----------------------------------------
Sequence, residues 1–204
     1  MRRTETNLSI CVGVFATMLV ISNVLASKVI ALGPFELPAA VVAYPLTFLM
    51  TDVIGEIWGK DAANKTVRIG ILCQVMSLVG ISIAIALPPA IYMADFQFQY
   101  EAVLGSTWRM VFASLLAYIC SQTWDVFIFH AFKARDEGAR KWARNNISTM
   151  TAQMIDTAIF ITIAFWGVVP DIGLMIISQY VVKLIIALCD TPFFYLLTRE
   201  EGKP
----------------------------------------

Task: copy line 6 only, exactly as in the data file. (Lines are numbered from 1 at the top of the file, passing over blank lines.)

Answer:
   201  EGKP